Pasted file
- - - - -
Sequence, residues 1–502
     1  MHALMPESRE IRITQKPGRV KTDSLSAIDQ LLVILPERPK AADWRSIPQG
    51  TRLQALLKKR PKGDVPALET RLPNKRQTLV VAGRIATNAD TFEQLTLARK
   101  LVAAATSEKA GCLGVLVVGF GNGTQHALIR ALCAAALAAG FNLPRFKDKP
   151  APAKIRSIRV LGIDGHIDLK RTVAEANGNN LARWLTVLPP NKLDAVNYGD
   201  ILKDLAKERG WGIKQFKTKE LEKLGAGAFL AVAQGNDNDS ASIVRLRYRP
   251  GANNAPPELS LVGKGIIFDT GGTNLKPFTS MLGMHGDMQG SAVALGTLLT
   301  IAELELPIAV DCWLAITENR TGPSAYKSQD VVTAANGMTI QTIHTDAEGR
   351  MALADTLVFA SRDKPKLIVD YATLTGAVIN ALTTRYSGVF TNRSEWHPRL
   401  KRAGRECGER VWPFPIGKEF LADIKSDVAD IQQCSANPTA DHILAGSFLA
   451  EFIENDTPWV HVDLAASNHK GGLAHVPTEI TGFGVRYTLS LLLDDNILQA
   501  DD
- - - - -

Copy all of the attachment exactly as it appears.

Sequence, residues 1–502
     1  MHALMPESRE IRITQKPGRV KTDSLSAIDQ LLVILPERPK AADWRSIPQG
    51  TRLQALLKKR PKGDVPALET RLPNKRQTLV VAGRIATNAD TFEQLTLARK
   101  LVAAATSEKA GCLGVLVVGF GNGTQHALIR ALCAAALAAG FNLPRFKDKP
   151  APAKIRSIRV LGIDGHIDLK RTVAEANGNN LARWLTVLPP NKLDAVNYGD
   201  ILKDLAKERG WGIKQFKTKE LEKLGAGAFL AVAQGNDNDS ASIVRLRYRP
   251  GANNAPPELS LVGKGIIFDT GGTNLKPFTS MLGMHGDMQG SAVALGTLLT
   301  IAELELPIAV DCWLAITENR TGPSAYKSQD VVTAANGMTI QTIHTDAEGR
   351  MALADTLVFA SRDKPKLIVD YATLTGAVIN ALTTRYSGVF TNRSEWHPRL
   401  KRAGRECGER VWPFPIGKEF LADIKSDVAD IQQCSANPTA DHILAGSFLA
   451  EFIENDTPWV HVDLAASNHK GGLAHVPTEI TGFGVRYTLS LLLDDNILQA
   501  DD